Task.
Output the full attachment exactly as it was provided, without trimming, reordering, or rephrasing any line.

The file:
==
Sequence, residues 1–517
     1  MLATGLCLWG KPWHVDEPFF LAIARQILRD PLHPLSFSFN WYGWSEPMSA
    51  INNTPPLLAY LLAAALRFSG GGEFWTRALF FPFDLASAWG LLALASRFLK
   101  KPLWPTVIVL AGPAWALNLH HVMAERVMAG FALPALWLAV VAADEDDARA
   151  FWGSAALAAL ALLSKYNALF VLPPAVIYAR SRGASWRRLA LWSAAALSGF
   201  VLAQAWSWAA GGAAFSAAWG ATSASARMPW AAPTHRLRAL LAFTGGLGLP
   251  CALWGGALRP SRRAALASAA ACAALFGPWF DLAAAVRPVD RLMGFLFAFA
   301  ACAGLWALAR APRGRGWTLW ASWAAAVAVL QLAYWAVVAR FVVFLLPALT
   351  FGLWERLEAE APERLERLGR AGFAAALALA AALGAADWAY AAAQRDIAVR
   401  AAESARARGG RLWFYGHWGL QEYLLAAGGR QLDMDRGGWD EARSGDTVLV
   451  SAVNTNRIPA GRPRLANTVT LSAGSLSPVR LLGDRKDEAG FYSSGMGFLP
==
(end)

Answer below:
Sequence, residues 1–517
     1  MLATGLCLWG KPWHVDEPFF LAIARQILRD PLHPLSFSFN WYGWSEPMSA
    51  INNTPPLLAY LLAAALRFSG GGEFWTRALF FPFDLASAWG LLALASRFLK
   101  KPLWPTVIVL AGPAWALNLH HVMAERVMAG FALPALWLAV VAADEDDARA
   151  FWGSAALAAL ALLSKYNALF VLPPAVIYAR SRGASWRRLA LWSAAALSGF
   201  VLAQAWSWAA GGAAFSAAWG ATSASARMPW AAPTHRLRAL LAFTGGLGLP
   251  CALWGGALRP SRRAALASAA ACAALFGPWF DLAAAVRPVD RLMGFLFAFA
   301  ACAGLWALAR APRGRGWTLW ASWAAAVAVL QLAYWAVVAR FVVFLLPALT
   351  FGLWERLEAE APERLERLGR AGFAAALALA AALGAADWAY AAAQRDIAVR
   401  AAESARARGG RLWFYGHWGL QEYLLAAGGR QLDMDRGGWD EARSGDTVLV
   451  SAVNTNRIPA GRPRLANTVT LSAGSLSPVR LLGDRKDEAG FYSSGMGFLP